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Walgreens To Pay About $2 Million To Massachusetts To Settle Multiple Price Abuse Allegations. Other Settlement Payments Exceed $200 Million

Walgreens logo The Office of the Attorney General of the Commonwealth of Massachusetts announced two settlement agreements with Walgreens, a national pharmacy chain. Walgreens has agreed to pay about $2 million to settle multiple allegations of pricing abuses. According to the announcement:

"Under the first settlement, Walgreens will pay $774,486 to resolve allegations that it submitted claims to MassHealth in which it reported prices for certain prescription drugs at levels that were higher than what Walgreens actually charged, resulting in fraudulent overpayments."

"Under the second settlement, Walgreens will pay $1,437,366 to resolve allegations that from January 2006 through December 2017, rather than dispensing the quantity of insulin called for by a patient’s prescription, Walgreens exceeded the prescription amount and falsified information on claims submitted for reimbursement to MassHealth, including the quantity of insulin and/or days’ supply dispensed."

Both settlements arose from whistle-blower activity. MassHealth is the state's healthcare program based upon a state law passed in 2006 to provide health insurance to all Commonwealth residents. The law was amended in 2008 and 2010 to make it consistent with the federal Affordable Care Act.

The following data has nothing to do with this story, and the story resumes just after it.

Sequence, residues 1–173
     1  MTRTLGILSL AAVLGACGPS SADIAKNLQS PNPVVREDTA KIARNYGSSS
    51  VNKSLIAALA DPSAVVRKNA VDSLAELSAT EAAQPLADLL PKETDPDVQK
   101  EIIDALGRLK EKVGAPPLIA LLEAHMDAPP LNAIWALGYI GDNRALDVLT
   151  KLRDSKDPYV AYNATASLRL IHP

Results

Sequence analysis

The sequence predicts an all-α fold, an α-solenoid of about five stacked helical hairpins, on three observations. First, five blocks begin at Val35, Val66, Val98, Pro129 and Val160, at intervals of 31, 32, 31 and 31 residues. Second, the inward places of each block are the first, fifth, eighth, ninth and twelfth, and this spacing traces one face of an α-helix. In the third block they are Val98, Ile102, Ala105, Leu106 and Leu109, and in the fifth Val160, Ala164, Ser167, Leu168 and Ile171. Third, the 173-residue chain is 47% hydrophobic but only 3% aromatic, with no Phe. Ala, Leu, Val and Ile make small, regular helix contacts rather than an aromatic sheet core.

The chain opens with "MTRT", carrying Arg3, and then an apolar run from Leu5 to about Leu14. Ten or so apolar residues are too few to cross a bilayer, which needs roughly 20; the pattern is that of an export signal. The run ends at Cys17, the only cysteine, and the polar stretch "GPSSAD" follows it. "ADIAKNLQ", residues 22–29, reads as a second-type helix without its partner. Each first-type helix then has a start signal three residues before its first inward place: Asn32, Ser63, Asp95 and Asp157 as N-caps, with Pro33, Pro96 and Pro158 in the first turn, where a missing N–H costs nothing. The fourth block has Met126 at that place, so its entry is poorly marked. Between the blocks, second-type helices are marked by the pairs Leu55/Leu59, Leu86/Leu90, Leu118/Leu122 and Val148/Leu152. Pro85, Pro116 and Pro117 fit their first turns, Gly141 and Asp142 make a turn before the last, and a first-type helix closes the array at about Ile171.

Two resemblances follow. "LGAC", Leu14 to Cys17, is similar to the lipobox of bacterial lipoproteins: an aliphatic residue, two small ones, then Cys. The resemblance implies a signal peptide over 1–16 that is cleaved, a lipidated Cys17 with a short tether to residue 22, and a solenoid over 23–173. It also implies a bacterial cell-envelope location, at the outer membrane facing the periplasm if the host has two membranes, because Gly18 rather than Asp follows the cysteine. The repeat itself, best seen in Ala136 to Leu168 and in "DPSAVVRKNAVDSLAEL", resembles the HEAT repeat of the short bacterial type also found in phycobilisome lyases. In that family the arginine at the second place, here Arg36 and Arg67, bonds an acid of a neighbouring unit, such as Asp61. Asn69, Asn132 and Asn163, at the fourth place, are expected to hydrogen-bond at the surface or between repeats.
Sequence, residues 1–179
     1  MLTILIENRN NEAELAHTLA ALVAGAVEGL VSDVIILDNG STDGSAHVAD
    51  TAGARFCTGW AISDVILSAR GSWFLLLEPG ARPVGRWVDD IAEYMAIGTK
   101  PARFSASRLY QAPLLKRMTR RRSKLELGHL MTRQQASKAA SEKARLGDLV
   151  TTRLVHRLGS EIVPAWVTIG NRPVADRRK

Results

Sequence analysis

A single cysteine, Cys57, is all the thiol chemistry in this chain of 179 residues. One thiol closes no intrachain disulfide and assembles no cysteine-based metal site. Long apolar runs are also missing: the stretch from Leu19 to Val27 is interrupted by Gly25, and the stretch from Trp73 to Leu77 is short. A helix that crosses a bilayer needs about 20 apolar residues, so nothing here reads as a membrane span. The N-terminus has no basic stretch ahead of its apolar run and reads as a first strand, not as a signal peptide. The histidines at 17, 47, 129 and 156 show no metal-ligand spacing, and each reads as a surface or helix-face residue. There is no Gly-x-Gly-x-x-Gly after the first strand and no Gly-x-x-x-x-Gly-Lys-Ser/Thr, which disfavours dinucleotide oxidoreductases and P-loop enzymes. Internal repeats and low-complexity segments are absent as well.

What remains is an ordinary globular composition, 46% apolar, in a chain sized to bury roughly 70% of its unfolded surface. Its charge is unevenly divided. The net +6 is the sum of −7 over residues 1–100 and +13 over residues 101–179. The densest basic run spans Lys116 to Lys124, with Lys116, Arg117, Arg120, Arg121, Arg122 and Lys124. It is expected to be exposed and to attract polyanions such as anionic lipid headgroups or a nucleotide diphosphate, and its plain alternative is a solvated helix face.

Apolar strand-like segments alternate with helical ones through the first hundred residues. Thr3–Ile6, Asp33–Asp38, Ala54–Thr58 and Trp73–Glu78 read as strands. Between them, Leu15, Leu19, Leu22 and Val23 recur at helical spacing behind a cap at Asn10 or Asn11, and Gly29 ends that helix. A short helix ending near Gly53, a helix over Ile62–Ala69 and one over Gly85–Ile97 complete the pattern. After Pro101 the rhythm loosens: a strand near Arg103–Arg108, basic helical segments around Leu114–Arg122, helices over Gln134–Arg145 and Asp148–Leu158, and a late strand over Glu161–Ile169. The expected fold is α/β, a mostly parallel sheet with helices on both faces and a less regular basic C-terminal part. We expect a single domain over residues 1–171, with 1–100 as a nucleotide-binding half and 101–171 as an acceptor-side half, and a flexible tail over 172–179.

Massachusetts Attorney General (AG) Maura Healey said:

"Walgreens repeatedly failed to provide MassHealth with accurate information regarding its dispensing and billing practices, resulting in overpayment to the company at taxpayers’ expense... We will continue to investigate cases of fraud and take action to protect the integrity of MassHealth."

In a separate case, Walgreen's will pay $1 million to the state of Arkansas to settle allegations of Medicaid fraud. Last month, the New York State Attorney General announced that New York State, other states, and the federal government reached:

"... an agreement in principle with Walgreens to settle allegations that Walgreens violated the False Claims Act by billing Medicaid at rates higher than its usual and customary (U&C) rates for certain prescription drugs... Walgreens will pay the states and federal government $60 million, all of which is attributable to the states’ Medicaid programs... The national federal and state civil settlement will resolve allegations relating to Walgreens’ discount drug program, known as the Prescription Savings Club (PSC). The investigation revealed that Walgreens submitted claims to the states’ Medicaid programs in which it identified U&C prices for certain prescription drugs sold through the PSC program that were higher than what Walgreens actually charged for those drugs... This is the second false claims act settlement reached with Walgreens today. On January 22, 2019, AG James announced that Walgreens is to pay New York over $6.5 million as part of a $209.2 million settlement with the federal government and other states, resolving allegations that Walgreens knowingly engaged in fraudulent conduct when it dispensed insulin pens..."